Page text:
‘The Pine’ at once quirky and wistful

Catastrophic Theatre has had such a strong track record with the works of maverick Chicago playwright Mickle Maher, I was a little worried heading into the company's world premiere of Maher's "The Pine" on Wednesday night.

Catastrophic's three previous Maher outings, beginning with "The Strangerer" in 2008, constituted the proverbial tough act to follow. What if the new work didn't make as strong an impression?

I needn't have worried. Maher's latest, if a tad unwieldy, is as smart, idiosyncratic and original as his earlier works, and arguably most ambitious of all. Catastrophic artistic director Jason Nodler and his company again demonstrate their understanding of Maher's quirkily skewed universe.

In "The Pine," Maher spins a wistful/loopy fairy tale that is poetic, romantic, philosophical and metaphysical – sometimes all at once.

The haunted setting is a ghostly hotel that serves as a way station between life and death for souls who have lost their greatest loves and can never cease grieving. Mourning hero Gordon attempts to follow his girlfriend, Danelle, who's committed suicide, and finds himself trapped in a labyrinth of infinite rooms. Gordon confronts various bizarre figures as he tries to find Danelle, break the hotel's spell and contrive some way for them both to check out.

That simplified synopsis hardly conveys the complex and multifarious proceedings. Clara, a narrator, is telling the story from a book she's written, so there's that story-within-the-story reality or fantasy dimension. Her husband, Lambert, who built the hotel 100-plus years earlier, also figures prominently. The blustering yet ineffectual knight, Morris the Hesitant, becomes Gordon's ally, while scheming demon Clave serves as the hero's chief adversary. Death, also known as Steve the gardener, plays a key role, too.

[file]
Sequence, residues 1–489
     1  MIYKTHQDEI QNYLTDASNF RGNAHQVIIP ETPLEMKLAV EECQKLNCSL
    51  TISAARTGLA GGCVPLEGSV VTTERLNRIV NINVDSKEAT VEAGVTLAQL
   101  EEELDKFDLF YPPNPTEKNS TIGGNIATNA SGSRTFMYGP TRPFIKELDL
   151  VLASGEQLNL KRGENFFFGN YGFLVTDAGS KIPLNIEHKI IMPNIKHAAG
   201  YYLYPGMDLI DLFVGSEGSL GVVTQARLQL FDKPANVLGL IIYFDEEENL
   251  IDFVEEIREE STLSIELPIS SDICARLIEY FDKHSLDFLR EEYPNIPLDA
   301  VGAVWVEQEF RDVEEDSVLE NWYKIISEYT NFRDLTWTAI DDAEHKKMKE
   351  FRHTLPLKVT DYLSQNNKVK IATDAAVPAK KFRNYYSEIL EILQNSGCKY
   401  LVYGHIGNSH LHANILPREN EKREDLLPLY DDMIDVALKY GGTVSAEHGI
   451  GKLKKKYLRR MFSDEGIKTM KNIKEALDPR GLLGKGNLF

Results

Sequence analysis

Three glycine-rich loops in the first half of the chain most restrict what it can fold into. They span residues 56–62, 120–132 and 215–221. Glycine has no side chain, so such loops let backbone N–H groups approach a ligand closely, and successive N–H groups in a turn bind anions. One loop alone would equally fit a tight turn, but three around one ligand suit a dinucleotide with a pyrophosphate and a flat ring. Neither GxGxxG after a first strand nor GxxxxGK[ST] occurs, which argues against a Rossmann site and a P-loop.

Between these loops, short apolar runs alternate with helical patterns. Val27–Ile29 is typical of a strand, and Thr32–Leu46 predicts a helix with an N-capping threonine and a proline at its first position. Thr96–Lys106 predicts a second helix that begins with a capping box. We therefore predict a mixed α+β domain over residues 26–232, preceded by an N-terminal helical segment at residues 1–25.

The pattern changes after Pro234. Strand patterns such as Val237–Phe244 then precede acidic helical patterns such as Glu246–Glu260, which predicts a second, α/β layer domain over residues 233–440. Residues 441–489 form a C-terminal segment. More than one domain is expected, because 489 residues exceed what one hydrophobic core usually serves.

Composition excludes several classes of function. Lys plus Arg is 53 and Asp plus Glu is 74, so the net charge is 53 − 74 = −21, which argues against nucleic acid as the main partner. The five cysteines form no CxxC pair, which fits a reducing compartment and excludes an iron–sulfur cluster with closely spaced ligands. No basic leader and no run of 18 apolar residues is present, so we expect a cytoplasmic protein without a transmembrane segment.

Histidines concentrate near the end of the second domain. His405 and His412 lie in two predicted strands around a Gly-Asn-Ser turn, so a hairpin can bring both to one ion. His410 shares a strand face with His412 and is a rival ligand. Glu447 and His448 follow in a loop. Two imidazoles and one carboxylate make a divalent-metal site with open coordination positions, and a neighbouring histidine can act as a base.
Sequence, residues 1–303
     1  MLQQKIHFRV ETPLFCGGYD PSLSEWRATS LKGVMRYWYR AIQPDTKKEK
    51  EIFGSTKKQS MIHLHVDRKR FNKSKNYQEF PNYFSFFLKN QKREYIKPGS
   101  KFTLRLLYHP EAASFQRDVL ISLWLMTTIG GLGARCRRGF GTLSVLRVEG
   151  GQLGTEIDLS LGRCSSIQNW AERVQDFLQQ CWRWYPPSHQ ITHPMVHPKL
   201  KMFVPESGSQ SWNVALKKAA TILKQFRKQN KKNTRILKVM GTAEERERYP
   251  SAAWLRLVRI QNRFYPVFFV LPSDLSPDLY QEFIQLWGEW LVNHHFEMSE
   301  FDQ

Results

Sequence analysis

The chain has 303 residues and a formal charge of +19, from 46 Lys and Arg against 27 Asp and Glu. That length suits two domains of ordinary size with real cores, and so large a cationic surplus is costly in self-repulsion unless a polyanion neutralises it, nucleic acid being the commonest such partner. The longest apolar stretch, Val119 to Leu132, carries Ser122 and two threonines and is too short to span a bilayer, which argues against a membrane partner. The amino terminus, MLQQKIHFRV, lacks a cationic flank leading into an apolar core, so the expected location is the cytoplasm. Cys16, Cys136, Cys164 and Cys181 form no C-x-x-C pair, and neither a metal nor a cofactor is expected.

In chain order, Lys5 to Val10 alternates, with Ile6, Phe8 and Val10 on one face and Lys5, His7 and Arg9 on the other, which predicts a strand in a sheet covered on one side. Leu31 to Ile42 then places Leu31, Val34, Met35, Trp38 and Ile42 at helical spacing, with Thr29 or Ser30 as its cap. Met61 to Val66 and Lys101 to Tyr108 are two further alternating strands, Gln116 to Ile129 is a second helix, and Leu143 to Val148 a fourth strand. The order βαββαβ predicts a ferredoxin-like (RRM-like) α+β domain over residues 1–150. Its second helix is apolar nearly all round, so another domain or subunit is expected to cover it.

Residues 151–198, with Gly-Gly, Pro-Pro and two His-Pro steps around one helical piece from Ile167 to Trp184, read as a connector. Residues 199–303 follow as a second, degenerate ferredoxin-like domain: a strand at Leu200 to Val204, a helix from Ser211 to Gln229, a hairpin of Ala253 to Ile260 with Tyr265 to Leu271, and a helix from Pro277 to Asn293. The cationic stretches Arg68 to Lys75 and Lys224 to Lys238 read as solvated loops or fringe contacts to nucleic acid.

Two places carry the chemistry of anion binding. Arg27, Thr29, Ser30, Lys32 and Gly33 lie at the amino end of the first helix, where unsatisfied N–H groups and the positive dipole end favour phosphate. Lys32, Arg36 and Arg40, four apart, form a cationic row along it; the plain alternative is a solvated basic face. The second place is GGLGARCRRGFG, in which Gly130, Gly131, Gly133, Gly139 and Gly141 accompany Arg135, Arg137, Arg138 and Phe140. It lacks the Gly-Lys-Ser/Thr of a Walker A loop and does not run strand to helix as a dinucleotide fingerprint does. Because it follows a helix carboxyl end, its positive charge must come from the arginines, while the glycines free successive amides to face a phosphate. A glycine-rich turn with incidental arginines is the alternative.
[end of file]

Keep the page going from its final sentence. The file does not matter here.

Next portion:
Maher's plot echoes the ancient myth of Orpheus and Eurydice. Yet a more pervasive influence is the poetry of Emily Dickinson – particularly in her expressions of sorrow and grief, her conviction they endure unhealed by time. There are allusions to such famous lines as "Hope is the thing with feathers" and "I heard a fly buzz when I died." Indeed, a fly motif buzzes through the play.

In this premiere staging, "The Pine" registers as slightly overstuffed – not as tight or tonally consistent as "There Is a Happiness That Morning Is," though at its best it is as resonant and deeply felt. Maher lets the narrator carry the ball quite a way into Act 1; fine as those passages are, it might be useful to give more voice to the other leads a bit sooner. Overall, the play is never less than intriguing, but a bit of streamlining would give it a stronger sense of focus.

Nodler and his cast bring conviction to everything the characters do, however improbable. They also make the most of Maher's tongue-in-cheek comic touches.

Troy Schulze is well cast as melancholy Gordon, managing to be at once mopey, ironic and heroic. Patricia Duranacts the understated role of Danelle with brooding intensity and severity.

Amy Bruce does excellent work as storyteller Clara, both inveigling and foreboding. Greg Dean blusters and bumbles hilariously as grandiose Morris. Jeff Miller revels in the gleeful villainy of smarmy Clave. George Brock's emphatic delivery lends authority to Lambert. Noel Bowers blends affability and subtle sarcasm as Steve.

Nodler delivers a beautifully atmospheric production, capitalizing on the strong sense of mood in the writing. That's our cue to praise Laura Fine Hawkes' fantastic set. Exquisitely detailed and evocative, it summons the haunted hotel perfectly, with its antique sepia tones and peeling wallpaper. Tiffani Fuller's costumes aptly run the gamut from plain to storybook fanciful. Kirk Markley's lighting is both expert and evocative.

You leave "The Pine" feeling as though you've awakened from some strange and elaborate dream. You may not know what it meant, just that there are truths in it, and the whole thing will stay with you for a while.